TOKYO (Reuters) - Unlike many beleaguered constituents of Japan Inc, Toshiba Corp, has reason to feel cheerful about ballooning sales at Apple Inc - millions of the iPhones it sells are loaded with NAND flash memory made by Japan’s last big chip maker.
At times as much as two-thirds of memory chips churned out by Toshiba’s plants in Japan will end up in iPhones, analysts estimate. That demand is underpinning income at Toshiba and will likely mean the world’s No. 2 maker of NAND flash chips behind Samsung Electronics will forecast a rebound in operating profit for the business year just started.
“Apple is probably their largest customer and depending on the time of the year when Apple procures from Toshiba I suspect it could be as high as 70 percent,” said Damian Thong, an analyst at Macquarie in Tokyo.
“The next contributor to growth of NAND flash at Toshiba, one of them, will probably be the ramp-up for the next iPhone.”
Operating profit in the twelve months from April 1 will rise to 281.9 billion yen ($3.5 billion), according to an average estimate of 22 analysts surveyed by Thomson Reuters I/B/E/S. For the business term just ended, with earnings crimped by a strong yen, Toshiba expects to report on Tuesday a profit of 200 billion yen.
Market researcher IHS iSuppli estimates an insatiable Apple, which sold 35 million iPhones in the three months to March 31, will consume a quarter of global flash memory supply this year. Market revenue will, IHS iSuppli predicts, jump 8 percent to $23 billion.
“We believe Apple’s strong results are positive for Toshiba,” Goldman Sachs’ analyst Ikuo Matsuhashi said in a report. Second quarter iPhone “shipments surpassed consensus projections”, he noted.
Toshiba’s ability to surf the Apple wave is a rare bright spot among Japan’s big electronics firms, most notably Sony Corp, that have struggled to contain their market-grabbing U.S. rival. Apple’s anticipated move into television may further dent the appeal of Japan’s once stellar brands, while the growing allure of Apple’s devices to gamers represents a new threat to console maker Nintendo.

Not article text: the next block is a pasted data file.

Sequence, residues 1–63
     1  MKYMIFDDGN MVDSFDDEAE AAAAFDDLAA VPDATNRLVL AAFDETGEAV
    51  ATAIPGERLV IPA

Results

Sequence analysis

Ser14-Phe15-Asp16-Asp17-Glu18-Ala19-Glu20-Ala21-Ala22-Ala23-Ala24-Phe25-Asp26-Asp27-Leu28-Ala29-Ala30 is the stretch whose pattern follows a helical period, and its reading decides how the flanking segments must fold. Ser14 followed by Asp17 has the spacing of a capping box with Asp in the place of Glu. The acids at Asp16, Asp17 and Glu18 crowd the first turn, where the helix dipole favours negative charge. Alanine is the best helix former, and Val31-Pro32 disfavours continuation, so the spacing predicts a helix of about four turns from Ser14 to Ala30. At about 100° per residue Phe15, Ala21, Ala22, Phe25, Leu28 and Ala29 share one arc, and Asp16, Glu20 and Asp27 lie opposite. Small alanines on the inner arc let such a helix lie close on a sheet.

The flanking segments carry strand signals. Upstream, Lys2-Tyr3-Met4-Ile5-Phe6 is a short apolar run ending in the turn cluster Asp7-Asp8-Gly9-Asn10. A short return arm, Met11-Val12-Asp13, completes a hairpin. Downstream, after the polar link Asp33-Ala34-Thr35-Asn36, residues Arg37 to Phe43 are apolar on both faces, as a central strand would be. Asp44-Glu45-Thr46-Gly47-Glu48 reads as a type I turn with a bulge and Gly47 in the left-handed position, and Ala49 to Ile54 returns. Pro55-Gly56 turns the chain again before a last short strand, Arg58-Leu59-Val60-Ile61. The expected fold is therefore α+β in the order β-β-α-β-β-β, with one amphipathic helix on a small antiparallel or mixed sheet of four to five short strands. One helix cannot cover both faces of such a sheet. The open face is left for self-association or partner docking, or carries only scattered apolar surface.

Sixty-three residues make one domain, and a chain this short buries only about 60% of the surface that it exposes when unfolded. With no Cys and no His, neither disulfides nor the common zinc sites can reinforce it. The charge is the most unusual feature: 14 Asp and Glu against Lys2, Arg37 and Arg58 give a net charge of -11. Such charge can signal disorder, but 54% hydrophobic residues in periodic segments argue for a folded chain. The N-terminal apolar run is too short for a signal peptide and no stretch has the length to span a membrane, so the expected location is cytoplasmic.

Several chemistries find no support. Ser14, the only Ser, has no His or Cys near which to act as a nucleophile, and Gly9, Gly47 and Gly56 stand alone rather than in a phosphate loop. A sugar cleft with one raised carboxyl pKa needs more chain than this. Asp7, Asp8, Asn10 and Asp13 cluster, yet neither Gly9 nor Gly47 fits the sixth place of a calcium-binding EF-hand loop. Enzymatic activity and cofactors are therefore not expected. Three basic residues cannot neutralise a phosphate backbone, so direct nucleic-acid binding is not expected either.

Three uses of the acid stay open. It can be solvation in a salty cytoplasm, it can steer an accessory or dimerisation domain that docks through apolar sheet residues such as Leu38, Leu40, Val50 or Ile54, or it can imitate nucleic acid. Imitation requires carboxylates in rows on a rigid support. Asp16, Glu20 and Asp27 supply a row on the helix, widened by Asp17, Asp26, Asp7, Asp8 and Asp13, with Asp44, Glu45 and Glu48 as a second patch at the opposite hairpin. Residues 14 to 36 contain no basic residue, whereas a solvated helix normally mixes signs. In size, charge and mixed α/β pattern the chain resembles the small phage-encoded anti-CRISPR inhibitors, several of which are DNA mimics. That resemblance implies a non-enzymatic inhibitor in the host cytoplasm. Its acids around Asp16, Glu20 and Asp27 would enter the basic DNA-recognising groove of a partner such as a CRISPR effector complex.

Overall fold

The “Toshiba-inside” approach - which focuses on making money from components rather than branded consumer electronics - means that losses from its own branded gadgets are less debilitating than mounting deficits at the TV units of Sony, Panasonic Corp and Sharp Corp. The trio estimate a combined loss of $21 billion for the business term just ended.
Investors will be looking, too, for solid performance from Toshiba’s other businesses, allowing flash memory to drive profit growth, analysts note. Semiconductors account for less than 20 percent of revenue.
Like other Japanese conglomerates, Toshiba’s business interests are expansive. It makes products ranging from TVs, laptops, light bulbs and refrigerators to nuclear reactors, CT scanners, sewerage plants and escalators.
And tying its longer-term fortunes to Apple’s cart alone, however, will not be a guarantee of success.
Taiwan’s Hon Hai Precision Industry on April 30 demonstrated the downside to being an Apple supplier. It’s operating margin in the January-March quarter eroded to a mere 0.9 percent while Apple’s was 39.3 percent.
“Apple is obviously a tough customer with tremendous buying power so there is the possibility that Apple will drive a hard bargain,” noted Macquarie’s Thong.
($1 = 79.8800 Japanese yen)
Reporting by Tim Kelly; Editing by Alex Richardson